This is my build of the Academy 1/48 Spitfire FR. Mk.XIVe. I built it OOB aside from adding a seat harness and an acetate lens for the gunsight. I did replace the roundels and fin flashes with some Aeromaster decals, since the kit did not include the 1945 style upper wing roundels, which the markings should be. Otherwise, contrary to reputation, the Academy decals worked perfectly. The markings are for 451 Squadron at RAF Gatow near Berlin during the Allied occupation in 1945. I used Tamiya paints for the RAF Temperate Day Fighter scheme. Since this model was built for the CAF Museum at Falcon Field in Mesa AZ, as part of Phoenix IPMS project, I kept weathering to an absolute minimum. Thanks for looking, comments and critiques are welcomed.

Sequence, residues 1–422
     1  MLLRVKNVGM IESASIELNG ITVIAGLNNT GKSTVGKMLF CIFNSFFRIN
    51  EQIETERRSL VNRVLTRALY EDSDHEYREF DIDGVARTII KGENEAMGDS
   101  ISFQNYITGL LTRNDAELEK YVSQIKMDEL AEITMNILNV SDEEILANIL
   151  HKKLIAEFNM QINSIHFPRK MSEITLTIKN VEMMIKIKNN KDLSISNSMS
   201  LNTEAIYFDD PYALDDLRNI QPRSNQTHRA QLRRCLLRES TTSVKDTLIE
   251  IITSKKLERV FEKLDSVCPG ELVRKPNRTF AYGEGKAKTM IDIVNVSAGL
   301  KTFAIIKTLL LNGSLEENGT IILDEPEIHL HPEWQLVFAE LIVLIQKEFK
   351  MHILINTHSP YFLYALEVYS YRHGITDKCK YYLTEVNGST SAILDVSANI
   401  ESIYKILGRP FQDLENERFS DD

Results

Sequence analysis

All, I learned that a few days ago Gary Davis has passed away. One of the forum members on another forum was tied closely with Gary and announced it on the forum. It was a sudden ordeal as just 12 hours prior he had posted on the forum. Gary was a strong dirt track car enthusiast who possessed a grand ability for replicating these cars and has been a good friend of mine not only on this forum but in communities abroad. Aside from his modeling skillset, was also a very encouraging and pleasant person to interact with on the modeling forums and I consider myself blessed to have known him. I thought everybody who knew Gary here should know of his passing. He will definitely be missed. His latestcompleted build just a couple of weeks ago was the Marty Robbins '34 Ford Modified that he finished in a Group Build that I was running elsewhere. Truly a gifted and talented modeler and a great friend of mine for the last 10 years.